Wednesday, June 7, 2017

West Africa central bank holds rate, trims growth forecast

     The Central Bank of West African States (BCEAO) left its benchmark rate, the minimum cash rate for tenders, at 2.50 percent and lowered its 2017 growth forecast slightly while forecasting that inflation should 1.7 percent over the next two years, in line with its objective.
     The BCEAO's monetary policy committee, which held its second meeting of the year at its headquarters in Dakar, took note of the consolidation of economic activity in the first quarter of this year with growth of 6.6 percent compared with growth of 6.5 percent in the previous quarter.
     For 2017 the central bank forecast growth of 6.9 percent in the eight-nation West African Economic and Monetary Union, slightly below 7.0 percent forecast in March.
      Last year the economy in union grew by 6.7 percent and 6.6 percent in 2015.
     The BCEAO is the central bank for the eight west african states of Benin, Burkina Faso, Ivory Coast, Guinea-Bissau, Mali, Niger, Senegal and Togo. The economic union, which came into effect in 1994, is known as either WAEMU or by its French initials of UEMOA.
     Inflation in the union rose to 0.8 percent in the first quarter of this year, up from minus 0.3 percent in the fourth quarter of last year due to higher food prices, rising housing costs and transport tariffs in response to a rise in oil prices.
     Improving global economic activity helped raise the prices of the main commodities exported from the union, such as oil, rubber, cashew nuts, cotton and coffee. However, the price increase did not extend to cocoa, palm kernel oil and gold, the BCEAO said.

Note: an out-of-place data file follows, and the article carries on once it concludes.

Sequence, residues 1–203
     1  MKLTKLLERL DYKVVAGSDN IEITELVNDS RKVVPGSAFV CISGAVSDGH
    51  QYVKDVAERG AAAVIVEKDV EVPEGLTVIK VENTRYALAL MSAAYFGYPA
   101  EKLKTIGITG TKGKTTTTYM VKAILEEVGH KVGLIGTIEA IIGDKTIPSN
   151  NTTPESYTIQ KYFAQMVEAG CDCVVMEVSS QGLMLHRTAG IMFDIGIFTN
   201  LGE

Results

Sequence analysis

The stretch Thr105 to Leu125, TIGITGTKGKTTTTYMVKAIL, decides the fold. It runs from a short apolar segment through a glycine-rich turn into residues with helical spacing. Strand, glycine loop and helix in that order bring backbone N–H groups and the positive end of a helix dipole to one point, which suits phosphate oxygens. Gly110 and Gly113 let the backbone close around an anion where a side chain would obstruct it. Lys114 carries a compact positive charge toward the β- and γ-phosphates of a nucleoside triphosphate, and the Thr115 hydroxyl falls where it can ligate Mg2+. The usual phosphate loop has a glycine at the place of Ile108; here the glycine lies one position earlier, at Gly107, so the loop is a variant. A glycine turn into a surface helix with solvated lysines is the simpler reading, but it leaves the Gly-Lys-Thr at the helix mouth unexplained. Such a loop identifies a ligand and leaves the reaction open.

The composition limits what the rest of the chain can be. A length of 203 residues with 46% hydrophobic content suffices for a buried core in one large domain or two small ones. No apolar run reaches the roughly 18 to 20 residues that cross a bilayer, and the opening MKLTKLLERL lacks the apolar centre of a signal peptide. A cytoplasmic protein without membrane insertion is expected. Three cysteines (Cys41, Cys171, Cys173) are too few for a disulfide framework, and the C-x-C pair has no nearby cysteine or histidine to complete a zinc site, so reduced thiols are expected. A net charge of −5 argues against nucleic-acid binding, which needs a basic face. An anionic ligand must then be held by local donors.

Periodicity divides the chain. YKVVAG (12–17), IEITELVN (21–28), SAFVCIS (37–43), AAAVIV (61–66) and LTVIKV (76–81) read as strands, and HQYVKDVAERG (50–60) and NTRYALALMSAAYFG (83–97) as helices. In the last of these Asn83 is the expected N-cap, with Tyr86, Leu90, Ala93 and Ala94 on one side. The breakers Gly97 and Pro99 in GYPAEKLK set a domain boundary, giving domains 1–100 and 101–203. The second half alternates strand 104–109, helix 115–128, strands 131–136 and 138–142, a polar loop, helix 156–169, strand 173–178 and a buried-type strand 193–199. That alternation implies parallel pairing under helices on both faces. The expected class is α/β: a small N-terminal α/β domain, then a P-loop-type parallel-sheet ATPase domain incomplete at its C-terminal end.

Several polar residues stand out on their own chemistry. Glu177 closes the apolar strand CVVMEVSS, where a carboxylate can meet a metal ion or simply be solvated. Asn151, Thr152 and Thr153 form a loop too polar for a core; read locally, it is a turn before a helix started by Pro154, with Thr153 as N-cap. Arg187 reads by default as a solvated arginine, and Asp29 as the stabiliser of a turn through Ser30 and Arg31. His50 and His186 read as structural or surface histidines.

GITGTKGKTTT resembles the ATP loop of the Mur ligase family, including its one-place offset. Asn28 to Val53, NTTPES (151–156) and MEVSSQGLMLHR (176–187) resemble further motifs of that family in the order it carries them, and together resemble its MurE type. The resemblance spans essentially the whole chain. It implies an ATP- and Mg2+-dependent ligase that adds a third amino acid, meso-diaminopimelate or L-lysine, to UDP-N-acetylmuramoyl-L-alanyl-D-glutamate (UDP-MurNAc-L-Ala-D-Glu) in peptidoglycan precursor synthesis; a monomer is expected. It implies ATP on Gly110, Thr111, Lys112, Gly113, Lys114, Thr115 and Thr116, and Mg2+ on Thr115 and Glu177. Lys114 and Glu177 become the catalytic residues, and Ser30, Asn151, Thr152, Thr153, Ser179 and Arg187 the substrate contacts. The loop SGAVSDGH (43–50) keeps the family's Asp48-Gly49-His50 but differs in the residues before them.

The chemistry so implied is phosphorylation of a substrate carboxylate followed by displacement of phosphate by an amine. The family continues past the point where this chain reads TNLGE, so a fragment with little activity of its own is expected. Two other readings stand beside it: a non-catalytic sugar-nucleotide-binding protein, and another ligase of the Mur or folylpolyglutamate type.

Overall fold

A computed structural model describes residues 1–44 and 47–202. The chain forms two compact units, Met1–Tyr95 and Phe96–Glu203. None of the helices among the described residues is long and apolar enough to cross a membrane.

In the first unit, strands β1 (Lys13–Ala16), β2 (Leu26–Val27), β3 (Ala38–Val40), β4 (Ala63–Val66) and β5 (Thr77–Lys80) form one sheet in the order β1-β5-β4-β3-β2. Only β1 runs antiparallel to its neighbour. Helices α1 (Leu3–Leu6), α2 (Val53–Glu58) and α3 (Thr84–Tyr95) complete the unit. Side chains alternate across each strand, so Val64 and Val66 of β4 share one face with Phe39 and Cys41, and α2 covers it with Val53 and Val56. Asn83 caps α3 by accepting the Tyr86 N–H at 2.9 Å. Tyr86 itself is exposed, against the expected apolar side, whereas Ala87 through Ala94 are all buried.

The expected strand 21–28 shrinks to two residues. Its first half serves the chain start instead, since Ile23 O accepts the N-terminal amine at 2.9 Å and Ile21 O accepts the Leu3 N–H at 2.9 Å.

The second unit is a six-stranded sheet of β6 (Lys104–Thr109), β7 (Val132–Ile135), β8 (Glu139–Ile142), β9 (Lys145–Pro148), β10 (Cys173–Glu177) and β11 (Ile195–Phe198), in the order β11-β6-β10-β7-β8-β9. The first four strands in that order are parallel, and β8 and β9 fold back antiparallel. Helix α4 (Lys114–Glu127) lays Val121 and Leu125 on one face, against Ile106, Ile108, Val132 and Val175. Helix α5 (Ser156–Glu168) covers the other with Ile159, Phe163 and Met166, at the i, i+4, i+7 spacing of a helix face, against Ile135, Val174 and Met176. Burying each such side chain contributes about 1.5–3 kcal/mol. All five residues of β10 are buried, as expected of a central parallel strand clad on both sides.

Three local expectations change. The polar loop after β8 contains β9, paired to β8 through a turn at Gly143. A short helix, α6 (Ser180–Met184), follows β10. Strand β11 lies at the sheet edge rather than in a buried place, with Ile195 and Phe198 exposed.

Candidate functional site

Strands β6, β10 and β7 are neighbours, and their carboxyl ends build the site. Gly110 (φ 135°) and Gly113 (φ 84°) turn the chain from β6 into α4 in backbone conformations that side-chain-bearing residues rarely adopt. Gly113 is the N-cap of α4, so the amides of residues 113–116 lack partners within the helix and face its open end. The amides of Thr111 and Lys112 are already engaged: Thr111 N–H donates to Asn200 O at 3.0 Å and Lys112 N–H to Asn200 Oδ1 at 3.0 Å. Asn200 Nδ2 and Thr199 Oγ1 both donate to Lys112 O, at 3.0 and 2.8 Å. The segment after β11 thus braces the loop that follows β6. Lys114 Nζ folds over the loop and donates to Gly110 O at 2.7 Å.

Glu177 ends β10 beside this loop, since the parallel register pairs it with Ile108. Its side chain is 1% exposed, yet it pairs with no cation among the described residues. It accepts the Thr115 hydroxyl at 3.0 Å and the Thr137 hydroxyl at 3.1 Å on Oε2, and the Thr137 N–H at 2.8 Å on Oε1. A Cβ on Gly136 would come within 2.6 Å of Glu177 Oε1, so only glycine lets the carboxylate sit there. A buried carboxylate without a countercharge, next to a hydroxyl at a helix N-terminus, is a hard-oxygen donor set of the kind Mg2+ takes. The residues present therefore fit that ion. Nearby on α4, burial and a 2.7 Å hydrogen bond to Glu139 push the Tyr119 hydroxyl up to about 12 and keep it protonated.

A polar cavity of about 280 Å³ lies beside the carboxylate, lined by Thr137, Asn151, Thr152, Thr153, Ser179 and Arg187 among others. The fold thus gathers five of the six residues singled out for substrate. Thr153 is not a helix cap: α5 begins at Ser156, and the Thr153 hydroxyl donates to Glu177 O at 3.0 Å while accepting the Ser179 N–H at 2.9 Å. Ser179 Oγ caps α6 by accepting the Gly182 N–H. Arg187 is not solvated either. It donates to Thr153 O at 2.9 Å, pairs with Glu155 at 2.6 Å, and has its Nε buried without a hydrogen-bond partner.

The central bank estimated the union's 2016 budget deficit of 4.4 percent of Gross Domestic Product, above the planned path of trimming the deficit to 3 percent of GDP by 2019.
      In February the International Monetary Fund said the medium-term growth outlook for the West African countries was favorable, but subject to significant downside risks.
      According to the IMF, these risks include global uncertainties, slippages in fiscal consolidation plans, sluggish structural reforms and a sustained decline in cocoa prices.
     "Planned fiscal consolidation has been repeatedly deferred in recent years and most countries are still scaling up public investment," the IMF said, adding these delays would lead to higher public debt while slow implementation of structural reforms would prevent the private sector from taking the lead in generating strong and inclusive growth.


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